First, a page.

Why do we get into landscape photography? A lot of reasons, probably. For some, it’s a business. For others, photography is a creative outlet or hobby. The pessimistic among us may point fingers, saying the new generation just wants notoriety or validation. Conversely, the silver-lining sort might talk about art as a form of expression or therapy. No matter what type of landscape photographer you are, though, I’d wager that we all have one thing in common. Spending time in nature just feels right. Why else would we hike nine miles to see the sunrise over some mountains? Or slog through incessant mosquito attacks? Or freeze under a winter sky to catch a glimpse of the aurora?
For photographer Journé Germain, landscape photography is something more. It goes beyond just a love of the outdoors. Landscape photography - and the time spent in nature doing it - provides an opportunity to bond with his son, whose photo compositions have inspired several of Journé’s own images.
Journé’s journey as a photographer started the same way it did for a lot of us. In his words, “I’ve always been an outdoors guy for as long as I can remember, hiking and exploring all of the local areas since I was a child. Growing up, I enjoyed photography and frequently had a camera with me. But truthfully, my passion for photography really ignited with the birth of my son ten years ago. It was then that I bought my first DSLR camera. When the camera wasn’t focused on my son, Kailen, I was off in the woods on a trail or sitting on a hill watching a sunset. The camera never left my side.”
In those ten years, Journé has built an impressive portfolio and is often referred to locally as the waterfall master. When asked about it, he explained that he loved the way long exposure clouds looked, or the way waves and water looked on the beach but didn’t live near the ocean. Then it dawned on him. Western Massachusetts contains a large catalogue of waterfalls that he already loved to visit. Waterfalls quickly became a priority.
Being an avid outdoorsman, it wasn’t long before Journé began sharing his love of nature with Kailen. “I’ve been bringing my son along on photography adventures since before he could walk,” Journé said. “I’ve always wanted him to share the same passion for the outdoors that I do and firmly believe in the ‘teach them young’ philosophy. At first, we’d spend the majority of the time searching for critters in pools and throwing stones. I’d sneak in a few shots here and there.”
When Kailen was three years old, someone gave him a cheap camera. “He loved it,” Journé said. “That was the AHH HAA moment for me. We’d bring it along with us and he’d use it a bit, then drop it to go find a snake. When he was four years old, I let him use my backup mirrorless camera. He found that much more satisfying because he could see his images a lot better.
“At this point, I already carried Kailen’s camera everywhere we went. I never forced it on him but would let him know it was available. Sometimes he’d take it and sometimes he wouldn’t. To this day frogs, snakes and salamanders are still a much larger priority for him. If there are animals around, he’ll take a few shots of them. Then the camera goes back in the bag so he can study whatever critter he’s found.”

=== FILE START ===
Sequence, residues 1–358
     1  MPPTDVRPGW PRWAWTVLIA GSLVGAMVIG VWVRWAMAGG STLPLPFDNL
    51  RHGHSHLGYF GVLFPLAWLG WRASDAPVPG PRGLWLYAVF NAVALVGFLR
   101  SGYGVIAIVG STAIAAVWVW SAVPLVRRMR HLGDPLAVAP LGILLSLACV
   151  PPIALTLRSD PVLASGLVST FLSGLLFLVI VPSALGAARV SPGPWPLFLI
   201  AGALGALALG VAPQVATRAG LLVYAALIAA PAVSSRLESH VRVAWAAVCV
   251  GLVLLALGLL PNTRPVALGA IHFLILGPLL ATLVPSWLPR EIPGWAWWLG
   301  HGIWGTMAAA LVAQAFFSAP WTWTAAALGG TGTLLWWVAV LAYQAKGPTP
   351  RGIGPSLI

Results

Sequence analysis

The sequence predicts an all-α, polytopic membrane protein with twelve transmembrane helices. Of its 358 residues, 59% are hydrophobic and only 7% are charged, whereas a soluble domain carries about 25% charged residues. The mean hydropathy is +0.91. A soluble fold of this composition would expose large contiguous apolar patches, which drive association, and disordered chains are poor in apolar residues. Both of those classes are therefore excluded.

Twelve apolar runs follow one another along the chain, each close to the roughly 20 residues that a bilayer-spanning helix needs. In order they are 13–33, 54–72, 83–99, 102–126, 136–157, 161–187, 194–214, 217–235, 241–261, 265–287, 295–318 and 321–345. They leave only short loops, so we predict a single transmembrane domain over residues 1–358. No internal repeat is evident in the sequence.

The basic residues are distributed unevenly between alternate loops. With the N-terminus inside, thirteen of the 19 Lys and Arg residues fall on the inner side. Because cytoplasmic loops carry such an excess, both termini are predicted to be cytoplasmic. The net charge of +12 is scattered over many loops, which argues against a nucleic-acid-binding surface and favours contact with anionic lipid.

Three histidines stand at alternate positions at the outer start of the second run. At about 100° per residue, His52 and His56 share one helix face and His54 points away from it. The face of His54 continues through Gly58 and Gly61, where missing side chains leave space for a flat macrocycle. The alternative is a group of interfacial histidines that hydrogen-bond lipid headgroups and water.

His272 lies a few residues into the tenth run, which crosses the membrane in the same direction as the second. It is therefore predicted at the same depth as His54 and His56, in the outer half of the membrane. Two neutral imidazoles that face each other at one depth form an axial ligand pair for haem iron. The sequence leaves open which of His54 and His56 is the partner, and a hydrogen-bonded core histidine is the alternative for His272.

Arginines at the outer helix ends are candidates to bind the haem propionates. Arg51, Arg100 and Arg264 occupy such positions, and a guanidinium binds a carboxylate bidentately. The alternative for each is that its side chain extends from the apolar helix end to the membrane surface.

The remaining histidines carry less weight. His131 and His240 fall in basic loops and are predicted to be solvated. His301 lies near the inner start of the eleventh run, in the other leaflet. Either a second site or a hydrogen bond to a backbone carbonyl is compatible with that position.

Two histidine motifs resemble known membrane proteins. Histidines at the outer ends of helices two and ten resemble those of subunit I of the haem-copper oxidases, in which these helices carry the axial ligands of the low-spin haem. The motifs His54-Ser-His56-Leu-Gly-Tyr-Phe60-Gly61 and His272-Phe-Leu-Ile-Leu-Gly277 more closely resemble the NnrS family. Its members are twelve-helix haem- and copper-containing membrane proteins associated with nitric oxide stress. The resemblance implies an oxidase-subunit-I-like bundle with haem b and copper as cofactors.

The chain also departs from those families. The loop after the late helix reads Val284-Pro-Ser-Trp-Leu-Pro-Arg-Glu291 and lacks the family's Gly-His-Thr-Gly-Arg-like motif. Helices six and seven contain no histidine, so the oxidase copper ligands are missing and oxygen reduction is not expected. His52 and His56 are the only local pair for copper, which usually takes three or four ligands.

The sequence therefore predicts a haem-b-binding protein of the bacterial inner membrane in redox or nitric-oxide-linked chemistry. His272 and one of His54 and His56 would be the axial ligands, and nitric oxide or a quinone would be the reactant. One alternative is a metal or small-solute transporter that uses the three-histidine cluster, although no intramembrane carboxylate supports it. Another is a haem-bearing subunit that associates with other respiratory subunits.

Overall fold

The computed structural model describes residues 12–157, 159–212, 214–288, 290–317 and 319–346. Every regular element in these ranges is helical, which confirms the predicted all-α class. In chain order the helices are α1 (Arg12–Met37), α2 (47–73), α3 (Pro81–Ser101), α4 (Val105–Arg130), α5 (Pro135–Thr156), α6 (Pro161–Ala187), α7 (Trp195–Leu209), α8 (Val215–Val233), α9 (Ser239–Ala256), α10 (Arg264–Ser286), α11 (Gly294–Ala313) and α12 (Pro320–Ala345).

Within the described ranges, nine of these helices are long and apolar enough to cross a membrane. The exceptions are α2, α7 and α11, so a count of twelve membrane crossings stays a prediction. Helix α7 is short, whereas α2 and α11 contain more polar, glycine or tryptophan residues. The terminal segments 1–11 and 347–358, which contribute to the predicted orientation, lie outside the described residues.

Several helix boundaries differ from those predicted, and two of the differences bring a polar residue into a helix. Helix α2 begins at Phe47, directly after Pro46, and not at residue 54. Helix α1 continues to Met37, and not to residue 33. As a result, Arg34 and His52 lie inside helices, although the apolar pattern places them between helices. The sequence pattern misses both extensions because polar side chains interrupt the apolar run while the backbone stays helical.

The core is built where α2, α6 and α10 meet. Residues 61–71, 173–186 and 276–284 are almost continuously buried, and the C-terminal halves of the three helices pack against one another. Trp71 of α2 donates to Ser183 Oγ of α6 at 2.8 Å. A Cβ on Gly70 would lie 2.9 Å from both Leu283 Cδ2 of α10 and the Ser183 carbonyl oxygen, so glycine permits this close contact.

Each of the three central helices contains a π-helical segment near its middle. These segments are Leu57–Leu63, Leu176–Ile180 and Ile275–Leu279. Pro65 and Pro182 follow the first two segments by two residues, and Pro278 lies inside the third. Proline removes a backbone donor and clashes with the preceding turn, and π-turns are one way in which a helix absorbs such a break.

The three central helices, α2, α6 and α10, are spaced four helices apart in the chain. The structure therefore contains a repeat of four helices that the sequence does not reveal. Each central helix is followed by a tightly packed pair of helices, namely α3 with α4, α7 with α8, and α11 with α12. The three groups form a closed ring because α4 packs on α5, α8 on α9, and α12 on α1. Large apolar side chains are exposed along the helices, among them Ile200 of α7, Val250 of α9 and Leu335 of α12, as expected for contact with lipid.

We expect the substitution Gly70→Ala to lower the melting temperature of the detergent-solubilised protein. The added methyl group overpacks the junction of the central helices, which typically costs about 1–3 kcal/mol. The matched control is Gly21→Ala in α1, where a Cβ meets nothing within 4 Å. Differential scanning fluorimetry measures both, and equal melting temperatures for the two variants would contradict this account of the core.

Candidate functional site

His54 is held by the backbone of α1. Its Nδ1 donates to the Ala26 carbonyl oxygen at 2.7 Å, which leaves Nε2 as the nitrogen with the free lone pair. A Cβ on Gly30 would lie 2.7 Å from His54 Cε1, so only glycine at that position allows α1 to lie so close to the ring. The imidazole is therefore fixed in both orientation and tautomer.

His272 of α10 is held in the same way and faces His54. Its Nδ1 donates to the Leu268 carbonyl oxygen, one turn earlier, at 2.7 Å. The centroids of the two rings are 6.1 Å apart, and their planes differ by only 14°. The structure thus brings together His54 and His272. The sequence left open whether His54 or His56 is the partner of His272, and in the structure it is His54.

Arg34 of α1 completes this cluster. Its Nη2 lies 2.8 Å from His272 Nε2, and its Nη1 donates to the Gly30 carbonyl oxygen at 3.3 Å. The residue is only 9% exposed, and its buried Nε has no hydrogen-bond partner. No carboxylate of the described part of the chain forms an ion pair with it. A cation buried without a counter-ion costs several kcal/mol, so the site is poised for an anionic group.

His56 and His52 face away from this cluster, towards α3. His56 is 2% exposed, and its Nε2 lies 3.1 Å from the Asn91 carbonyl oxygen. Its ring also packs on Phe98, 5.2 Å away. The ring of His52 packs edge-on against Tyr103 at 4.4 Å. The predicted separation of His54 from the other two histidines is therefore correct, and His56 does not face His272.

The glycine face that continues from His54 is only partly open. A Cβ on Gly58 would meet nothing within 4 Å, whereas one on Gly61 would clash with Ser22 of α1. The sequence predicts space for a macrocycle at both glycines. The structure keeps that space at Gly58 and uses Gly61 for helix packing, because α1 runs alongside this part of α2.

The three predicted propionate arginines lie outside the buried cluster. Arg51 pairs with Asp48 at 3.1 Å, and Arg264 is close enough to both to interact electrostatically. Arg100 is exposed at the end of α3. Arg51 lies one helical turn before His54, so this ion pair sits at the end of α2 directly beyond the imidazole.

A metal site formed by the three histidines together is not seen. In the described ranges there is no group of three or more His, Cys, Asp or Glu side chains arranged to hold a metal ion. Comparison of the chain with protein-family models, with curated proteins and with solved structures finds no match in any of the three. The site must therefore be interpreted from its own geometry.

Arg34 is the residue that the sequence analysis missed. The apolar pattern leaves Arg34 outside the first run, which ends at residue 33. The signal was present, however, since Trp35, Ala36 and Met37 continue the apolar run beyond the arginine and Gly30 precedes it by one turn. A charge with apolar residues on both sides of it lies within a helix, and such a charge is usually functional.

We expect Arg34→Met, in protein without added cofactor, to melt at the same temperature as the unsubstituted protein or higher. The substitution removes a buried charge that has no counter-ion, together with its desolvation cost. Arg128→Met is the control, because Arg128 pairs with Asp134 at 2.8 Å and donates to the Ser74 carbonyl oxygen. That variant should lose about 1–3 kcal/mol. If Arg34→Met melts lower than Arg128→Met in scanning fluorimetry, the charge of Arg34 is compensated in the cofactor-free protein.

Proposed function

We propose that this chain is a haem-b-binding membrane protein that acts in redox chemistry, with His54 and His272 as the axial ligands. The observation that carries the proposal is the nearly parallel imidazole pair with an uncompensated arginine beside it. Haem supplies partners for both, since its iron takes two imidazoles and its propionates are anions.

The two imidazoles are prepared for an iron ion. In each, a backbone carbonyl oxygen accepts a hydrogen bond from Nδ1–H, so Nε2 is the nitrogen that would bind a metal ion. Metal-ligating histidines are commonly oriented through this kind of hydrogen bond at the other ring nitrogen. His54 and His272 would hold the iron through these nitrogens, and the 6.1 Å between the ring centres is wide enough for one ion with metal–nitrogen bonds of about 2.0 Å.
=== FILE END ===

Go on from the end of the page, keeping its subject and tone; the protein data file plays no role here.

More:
Journé and Kailen have been on many photo trips and created countless memories through their shared love of the outdoors. Last summer, Journé took him to see Bash Bish Falls for the first time. Three photography friends joined them. Kailen showed every one of his shots to the group. Journé thought it was his way of subconsciously saying, “Hey guys, I’m one of you.”
Although he’s only ten years old, Kailen is definitely a photographer in his own right. He has his own creative style and a vision for his images. For example, last winter, Journé and Kailen photographed a low-flow waterfall. Kailen was having fun crunching the brittle sheets of ice. “All of a sudden,” Journé said, “He’s yelling, ‘Hey Dad, look at this!’ He had taken his camera, climbed under the ice, and was shooting the waterfall from an ice cave he carved. I found that insanely creative. We started playing with angles of his shots and taking pics with his camera of us poking our heads under the ice.”
Kailen also adopted the use of foreground elements on his own. In Journé’s words, “It’s not a unique thought but it’s not my style. Kailen has never seen anyone to copy, so he genuinely came up with it on his own. Two years ago, we visited a waterfall in the fall. I look over and he’s picking out the brightest leaves he could find and holding them in his hand. The photo’s focus was on the leaves, and not on the waterfall. The images came out perfect. I remember being blown away.”
In fact, having Kailen along on photo outings has been very inspiring for Journé. When he first dove into photography, Journé told people that he saw the world differently. He always searched for compositions and saw beauty where he hadn’t before. “But now with Kailen at my side,” Journé said, “it’s ten-fold! I start to see things through his eyes. It’s fascinating to see what he finds interesting.”
In the end, Journé is just grateful that his son has an appreciation for the outdoors, and that through their hiking and photography trips, they’ve created lasting memories. His philosophy of teaching them young has paid off. Journé is a self-professed doting father and when I asked how he felt about sharing photography with his son, he said, “Kailen loves coming with me on trips. He picks hikes and places he wants to visit now. We don’t necessarily bond over taking photos - we bond over being together outside. But I hope he sticks with his photography. I think he’s really good.”